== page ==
At the beginning of the thirteenth century, under the rule of William Marshall, around 1204-1210 began to erect on a larger scale stone elements of the castle. Above all, a huge, cylindrical keep was built, one of the oldest and the most magnificent in Britain. The inspiration for it was probably similar buildings in France, which William could encounter during the fighting on the continent. It was placed on the highest point of the hill, from which, having almost 23 meters in height, it dominated the entire surroundings. Its diameter was 15 meters and the thickness of the walls at the base of 6 meters. Originally, it had five floors and an entrance on timber stairs at the height of the first floor. Communication with ground level and higher floors was provided by a spiral staircase placed in the wall thickness. The first and second floors were warmed by fireplaces, the second and third were illuminated by early gothic biforas (two-light windows). From the second floor, you could get through a small bridge to the adjacent porch of the defensive wall. It was a timber connection that could be removed at any time to prevent enemies from getting a keep. The last floor of the tower was crowned with a unique dome with an observation turret mounted on it and two circuits with a battlements. The holes visible in the wall indicate that the top of the keep also had hoardings.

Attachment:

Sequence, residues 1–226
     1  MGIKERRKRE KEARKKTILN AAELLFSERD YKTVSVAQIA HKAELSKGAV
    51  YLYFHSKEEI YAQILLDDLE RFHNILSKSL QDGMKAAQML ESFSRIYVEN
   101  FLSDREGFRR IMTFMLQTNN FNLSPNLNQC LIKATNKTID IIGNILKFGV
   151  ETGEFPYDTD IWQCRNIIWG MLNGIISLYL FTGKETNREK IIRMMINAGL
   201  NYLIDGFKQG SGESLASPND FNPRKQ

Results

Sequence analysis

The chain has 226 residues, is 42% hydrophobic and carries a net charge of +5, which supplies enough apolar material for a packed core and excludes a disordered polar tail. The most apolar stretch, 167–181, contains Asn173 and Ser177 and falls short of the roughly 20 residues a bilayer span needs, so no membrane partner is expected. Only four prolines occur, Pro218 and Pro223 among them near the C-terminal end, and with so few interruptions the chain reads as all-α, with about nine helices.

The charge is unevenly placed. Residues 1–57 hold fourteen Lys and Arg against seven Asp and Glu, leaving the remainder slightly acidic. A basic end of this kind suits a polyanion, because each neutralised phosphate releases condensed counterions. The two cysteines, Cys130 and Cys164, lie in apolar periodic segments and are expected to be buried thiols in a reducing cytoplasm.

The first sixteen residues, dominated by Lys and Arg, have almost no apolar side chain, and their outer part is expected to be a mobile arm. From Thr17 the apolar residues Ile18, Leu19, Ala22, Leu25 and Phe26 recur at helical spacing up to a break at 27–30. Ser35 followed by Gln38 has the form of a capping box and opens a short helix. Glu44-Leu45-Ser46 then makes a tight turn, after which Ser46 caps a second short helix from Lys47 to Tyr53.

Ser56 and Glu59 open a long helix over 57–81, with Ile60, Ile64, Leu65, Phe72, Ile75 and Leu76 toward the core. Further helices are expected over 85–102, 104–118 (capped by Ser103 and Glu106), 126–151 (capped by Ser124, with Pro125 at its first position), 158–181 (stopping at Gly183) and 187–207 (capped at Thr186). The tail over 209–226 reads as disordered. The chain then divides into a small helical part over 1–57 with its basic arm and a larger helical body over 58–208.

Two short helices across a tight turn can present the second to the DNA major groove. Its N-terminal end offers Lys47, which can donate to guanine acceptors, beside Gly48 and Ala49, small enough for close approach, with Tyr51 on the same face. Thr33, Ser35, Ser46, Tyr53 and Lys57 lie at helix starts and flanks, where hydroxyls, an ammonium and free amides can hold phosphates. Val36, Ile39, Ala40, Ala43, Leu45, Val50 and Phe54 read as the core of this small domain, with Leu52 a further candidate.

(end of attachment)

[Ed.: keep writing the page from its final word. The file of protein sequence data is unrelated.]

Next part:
The defensive wall of the 13th-century castle, i.e. the later upper ward, closed an internal courtyard with a plan similar to a triangle. The entrance to it led from the south through a horseshoe gatehouse preceded by a ditch. The gate passage was placed in its western side and did not have a portcullis, only a double-leaf door. Upon entering, it turned sharply left, where there were more doors to the upper ward. The gatehouse was probably a two-story building with a guard room on the upper floor, above the gate passage. Right next to it there was a small latrine in the form of an overhanging turret, later partly absorbed by residential buildings.